Aruba trolley in Oranjestad. Easiest countries for Americans to move

Aruba’s tagline is One Happy Island – they’ve come up with the One Happy Workation so you can work in paradise for up to three months.

There is no visa.

All you have to do is book your workation with one of the participating accommodations on the island. You pick one of the various hotels, condos, or villas that suit your needs – that’s’ all.

Obvi with Covid, there are tests and different requirements, and at the moment, it comes down to the state where you reside. Be sure to check all the details before you make any decisions.

Bermuda

Pink sand beach, Bermuda. Easiest countries for Americans to move

For a whopping $263, you can apply for a one-year Work from Bermuda visa.  

The requirements are pretty straightforward:

  • be at least 18 years old
  • not have been convicted of a crime
  • have current health insurance coverage
  • have employment or your own company outside of Bermuda
  • have a continuous source of income

Costa Rica

Girl sitting on car looking at Arenal Volcano, Costa Rica

Costa Rica recently opened its doors to Americans from 21 states. According to this Costa Rica Embassy page, by Nov. 1, travel from all states will resume.

Upon arrival, you get 90 days to enjoy the country. If you want longer, you have to leave Costa Rica and reenter. But visa runs aren’t reliable and def not something to do long-term.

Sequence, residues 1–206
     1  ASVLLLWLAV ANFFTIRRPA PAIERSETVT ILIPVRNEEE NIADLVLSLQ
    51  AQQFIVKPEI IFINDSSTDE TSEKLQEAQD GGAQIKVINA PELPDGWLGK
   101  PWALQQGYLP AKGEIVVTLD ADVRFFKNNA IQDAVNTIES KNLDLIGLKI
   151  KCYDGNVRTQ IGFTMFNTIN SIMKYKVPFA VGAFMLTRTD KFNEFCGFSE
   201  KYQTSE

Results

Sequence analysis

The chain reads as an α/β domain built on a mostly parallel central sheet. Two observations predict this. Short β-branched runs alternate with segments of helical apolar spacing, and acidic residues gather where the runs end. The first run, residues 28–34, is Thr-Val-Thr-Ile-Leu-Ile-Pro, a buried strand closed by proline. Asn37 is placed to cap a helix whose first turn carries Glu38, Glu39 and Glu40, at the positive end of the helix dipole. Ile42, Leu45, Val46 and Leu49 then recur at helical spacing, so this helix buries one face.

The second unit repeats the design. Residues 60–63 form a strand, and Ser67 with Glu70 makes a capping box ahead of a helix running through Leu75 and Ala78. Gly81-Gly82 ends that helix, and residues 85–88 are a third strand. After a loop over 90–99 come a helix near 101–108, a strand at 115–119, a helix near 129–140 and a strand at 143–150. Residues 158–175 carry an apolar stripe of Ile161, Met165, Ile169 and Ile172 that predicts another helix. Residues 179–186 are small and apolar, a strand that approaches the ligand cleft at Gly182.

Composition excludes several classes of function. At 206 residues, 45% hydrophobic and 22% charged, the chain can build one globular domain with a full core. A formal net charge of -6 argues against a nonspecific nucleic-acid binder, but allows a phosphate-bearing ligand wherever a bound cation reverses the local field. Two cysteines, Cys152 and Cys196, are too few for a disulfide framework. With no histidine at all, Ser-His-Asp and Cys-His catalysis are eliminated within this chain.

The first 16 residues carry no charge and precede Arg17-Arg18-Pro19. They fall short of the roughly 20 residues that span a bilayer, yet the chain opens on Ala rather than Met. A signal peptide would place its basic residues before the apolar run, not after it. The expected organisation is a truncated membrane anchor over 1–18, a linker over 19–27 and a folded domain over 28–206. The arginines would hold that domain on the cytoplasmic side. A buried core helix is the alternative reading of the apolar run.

There are various visa options and none too outlandish if CR is more of a permanent choice for you. International Living has a lot of great info about Costa Rica if you are interested.

Croatia

Walled city of Dubrovnik: Easiest countries for Americans to move

Currently, Croatia is open to Americans, and we get up to 90 days to stay there and see what life is all about.

Starting sometime in early 2021, Croatia will be offering digital nomad visas making it even easier.

Close Calls

This, by no means is a comprehensive list of all the countries in the world allowing Americans to come for a few months. But the countries I’ve chosen here are the ones that are making it super easy or those that have fantastic visa programs.

Some other countries that are allowing Americans to enter are Ecuador, Montenegro, and Ireland. They all give Americans 90 days, and Belize offers 30 days.

The Wrap-Up

I am in no way saying you should hop on a plane and take a vacation.

I am encouraging you to think about your options. You do not have to stay in America if you don’t want to. It doesn’t make you any less of an American, or a traitor, or unpatriotic. It makes you open-minded. There are loads of things I love about America, but that doesn’t mean I want to live there.

It’s totally ok to want something different and take charge of your life to make it so.

Now may not be the perfect time to pick up and move, but it’s not the worst either. Never has remote working and homeschooling been so integral to our lives, which makes it possible to try something different without yanking the kids out of school or taking a work hiatus. Do your due diligence, see what works for you, and go for it.

Think outside of the box.

By the way, this time I’ll be ready for the next debacle with a bloody mary in hand, no matter what time it is.